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REGILIEH 1/23/2013 9:33AM


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JANEMARIE77 1/23/2013 9:26AM

    thanks great blog and wonderful info I'm going to check out the new BMI formula with hope

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FROGSNFLOWERS 1/23/2013 9:21AM

    emoticon emoticon

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GOOSIEMOON 1/23/2013 9:08AM


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OFGREENGABLES 1/23/2013 8:13AM

    So true it's the habits that are important!

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MOMMY445 1/23/2013 8:06AM

    such a great blog! thanks for sharing! have a lovely day!

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AMANDACOETZER 1/23/2013 8:04AM


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JENNAAW 1/23/2013 7:50AM

    Love your post. I feel depressed when I find where my BMI is on the chart. I refused to try my friend's wii fit thing because I was told the wii tells you things like "You are fat!" and I would feel pretty devastated instead of being motivated. My resting pulse is 53 and I love running.

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BECKYANNE1 1/23/2013 7:48AM

    Great blog! There are so many other things that can make BMI not so accurate. A good physician won't look at just your BMI. At least my physician doesn't.

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NILLAPEPSI 1/23/2013 7:37AM

    emoticon I needed to hear this today. I'm still obese, but I'm not a couch potato -- not as obese as I have been in the past -- so that has to count for something.

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BESSHAILE 1/23/2013 7:12AM

    so true

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PENOWOK 1/23/2013 7:09AM

    You're right...not a difference worth noting!! It also bug s me when the wii yells at me for not weighing and measuring more frequently! HA!

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SANDYCRANE 1/23/2013 7:04AM

    I am sure there are a lot of people with acceptable BMI's whom are not healthy. At work people with high BMI's and CDL's had to get physicals and get tested for sleep apnea. What next.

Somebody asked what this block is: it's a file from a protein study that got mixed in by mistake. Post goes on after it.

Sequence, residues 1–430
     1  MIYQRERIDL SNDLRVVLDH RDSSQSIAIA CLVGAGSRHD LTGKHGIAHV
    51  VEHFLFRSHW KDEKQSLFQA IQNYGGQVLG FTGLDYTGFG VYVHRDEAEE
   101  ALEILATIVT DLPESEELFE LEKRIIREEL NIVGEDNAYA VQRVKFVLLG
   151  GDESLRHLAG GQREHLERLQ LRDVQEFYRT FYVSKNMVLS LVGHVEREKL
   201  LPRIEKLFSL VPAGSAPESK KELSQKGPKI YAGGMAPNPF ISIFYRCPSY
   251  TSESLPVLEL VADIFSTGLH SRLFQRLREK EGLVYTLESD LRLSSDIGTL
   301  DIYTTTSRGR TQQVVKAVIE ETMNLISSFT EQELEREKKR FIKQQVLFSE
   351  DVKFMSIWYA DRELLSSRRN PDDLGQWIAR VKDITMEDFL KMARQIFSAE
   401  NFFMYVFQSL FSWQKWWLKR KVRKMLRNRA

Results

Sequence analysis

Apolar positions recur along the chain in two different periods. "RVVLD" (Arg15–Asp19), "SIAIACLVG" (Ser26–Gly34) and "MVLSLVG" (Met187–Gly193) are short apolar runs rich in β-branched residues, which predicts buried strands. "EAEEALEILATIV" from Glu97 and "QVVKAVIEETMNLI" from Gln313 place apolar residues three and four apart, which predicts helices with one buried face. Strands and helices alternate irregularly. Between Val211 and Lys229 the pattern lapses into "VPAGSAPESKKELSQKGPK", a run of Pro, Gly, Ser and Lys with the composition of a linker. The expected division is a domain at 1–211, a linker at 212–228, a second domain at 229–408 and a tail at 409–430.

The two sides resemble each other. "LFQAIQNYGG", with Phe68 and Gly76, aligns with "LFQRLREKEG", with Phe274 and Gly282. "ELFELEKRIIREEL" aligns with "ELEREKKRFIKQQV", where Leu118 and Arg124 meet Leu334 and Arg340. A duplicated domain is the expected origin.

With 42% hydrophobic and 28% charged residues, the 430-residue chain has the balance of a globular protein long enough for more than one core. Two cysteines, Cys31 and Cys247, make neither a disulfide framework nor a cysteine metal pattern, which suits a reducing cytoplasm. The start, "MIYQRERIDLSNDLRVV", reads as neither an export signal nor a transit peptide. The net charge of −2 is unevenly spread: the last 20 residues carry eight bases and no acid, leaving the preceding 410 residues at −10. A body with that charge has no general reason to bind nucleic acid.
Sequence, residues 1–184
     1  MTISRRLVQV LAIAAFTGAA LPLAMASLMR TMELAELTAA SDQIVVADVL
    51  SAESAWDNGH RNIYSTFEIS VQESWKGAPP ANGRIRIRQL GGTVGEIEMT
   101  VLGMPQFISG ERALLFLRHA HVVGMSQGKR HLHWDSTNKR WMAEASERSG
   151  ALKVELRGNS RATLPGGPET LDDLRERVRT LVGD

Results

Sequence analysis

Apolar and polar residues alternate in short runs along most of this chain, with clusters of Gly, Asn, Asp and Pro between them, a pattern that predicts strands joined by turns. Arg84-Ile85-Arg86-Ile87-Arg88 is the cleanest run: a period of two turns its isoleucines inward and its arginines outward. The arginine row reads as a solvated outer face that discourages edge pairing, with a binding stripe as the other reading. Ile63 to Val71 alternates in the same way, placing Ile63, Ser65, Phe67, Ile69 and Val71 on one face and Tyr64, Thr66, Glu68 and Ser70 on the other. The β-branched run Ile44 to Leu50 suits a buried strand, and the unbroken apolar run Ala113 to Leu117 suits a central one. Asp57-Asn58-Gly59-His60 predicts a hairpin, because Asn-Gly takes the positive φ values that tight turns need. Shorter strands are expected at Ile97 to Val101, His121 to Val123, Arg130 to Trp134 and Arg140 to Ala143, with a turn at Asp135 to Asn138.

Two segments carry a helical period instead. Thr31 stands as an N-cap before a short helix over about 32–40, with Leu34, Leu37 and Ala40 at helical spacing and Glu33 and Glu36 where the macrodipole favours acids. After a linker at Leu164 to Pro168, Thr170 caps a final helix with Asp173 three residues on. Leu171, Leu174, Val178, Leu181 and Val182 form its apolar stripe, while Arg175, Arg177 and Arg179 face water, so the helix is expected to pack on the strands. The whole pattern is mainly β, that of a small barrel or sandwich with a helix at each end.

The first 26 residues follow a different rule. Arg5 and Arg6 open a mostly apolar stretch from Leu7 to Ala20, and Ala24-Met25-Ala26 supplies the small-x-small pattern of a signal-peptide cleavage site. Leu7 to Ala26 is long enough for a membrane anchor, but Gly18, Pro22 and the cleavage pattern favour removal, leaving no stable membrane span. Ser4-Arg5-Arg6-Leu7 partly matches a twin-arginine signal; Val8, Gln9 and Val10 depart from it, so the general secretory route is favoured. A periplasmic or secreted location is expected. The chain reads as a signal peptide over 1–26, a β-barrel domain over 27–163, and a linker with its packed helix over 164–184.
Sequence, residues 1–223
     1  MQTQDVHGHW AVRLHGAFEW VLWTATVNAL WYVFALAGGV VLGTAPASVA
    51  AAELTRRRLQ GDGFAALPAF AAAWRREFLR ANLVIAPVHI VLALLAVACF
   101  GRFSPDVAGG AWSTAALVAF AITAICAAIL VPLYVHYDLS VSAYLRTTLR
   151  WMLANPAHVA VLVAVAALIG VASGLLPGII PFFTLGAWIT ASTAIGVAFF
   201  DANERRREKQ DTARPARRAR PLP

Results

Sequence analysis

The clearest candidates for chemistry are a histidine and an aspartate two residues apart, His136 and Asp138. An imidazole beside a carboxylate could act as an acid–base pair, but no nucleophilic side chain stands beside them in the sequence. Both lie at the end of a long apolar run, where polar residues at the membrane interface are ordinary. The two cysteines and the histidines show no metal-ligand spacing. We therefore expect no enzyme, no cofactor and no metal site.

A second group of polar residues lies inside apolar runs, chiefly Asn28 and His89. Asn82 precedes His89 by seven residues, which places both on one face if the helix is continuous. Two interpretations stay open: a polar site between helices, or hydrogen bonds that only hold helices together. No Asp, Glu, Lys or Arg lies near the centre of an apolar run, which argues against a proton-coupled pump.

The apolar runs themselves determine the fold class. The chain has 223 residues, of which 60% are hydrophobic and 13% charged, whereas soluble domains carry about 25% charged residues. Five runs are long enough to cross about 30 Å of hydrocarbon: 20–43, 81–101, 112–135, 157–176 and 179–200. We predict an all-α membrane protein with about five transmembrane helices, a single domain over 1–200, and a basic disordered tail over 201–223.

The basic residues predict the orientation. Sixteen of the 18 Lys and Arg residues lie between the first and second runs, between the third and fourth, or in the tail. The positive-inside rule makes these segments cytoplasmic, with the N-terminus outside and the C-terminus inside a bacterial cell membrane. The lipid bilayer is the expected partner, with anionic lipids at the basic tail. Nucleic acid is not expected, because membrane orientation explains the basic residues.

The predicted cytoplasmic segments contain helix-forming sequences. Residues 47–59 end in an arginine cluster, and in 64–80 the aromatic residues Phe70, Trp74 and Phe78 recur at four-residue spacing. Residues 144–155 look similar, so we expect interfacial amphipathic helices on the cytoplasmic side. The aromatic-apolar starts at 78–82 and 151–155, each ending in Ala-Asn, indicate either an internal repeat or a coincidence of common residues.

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CHERYL_ANNE 1/23/2013 7:02AM

    Best comment regarding BMI (from

'Your BMI has absolutely NOTHING to do with your body composition It only factors in your height and weight. It will give you the same reading if you're made of 180 pounds of pure muscle, or 180 pounds of pure Cheetos.'


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KATHIC2 1/23/2013 6:39AM

  Well said and insightful!

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GRAMPIAN 1/23/2013 6:24AM

  You're right! emoticon

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NCSUE0514 1/23/2013 6:18AM

    It's JUST a number.

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TRYINGHARD54 1/23/2013 5:53AM

    BMI. someone made that up because they had nothing better to do.. everyones body is different... We all know how good we feel when we lose weight. I dont need a BMI to tell me that..

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SHERYLDS 1/23/2013 5:51AM

    Thanks for your outlook...I agree BMI is just a number.
But all health numbers are just targets to aim for.
Without a number, it's hard to determine how you're doing

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LIFETIMER54 1/23/2013 5:47AM

  emoticon emoticon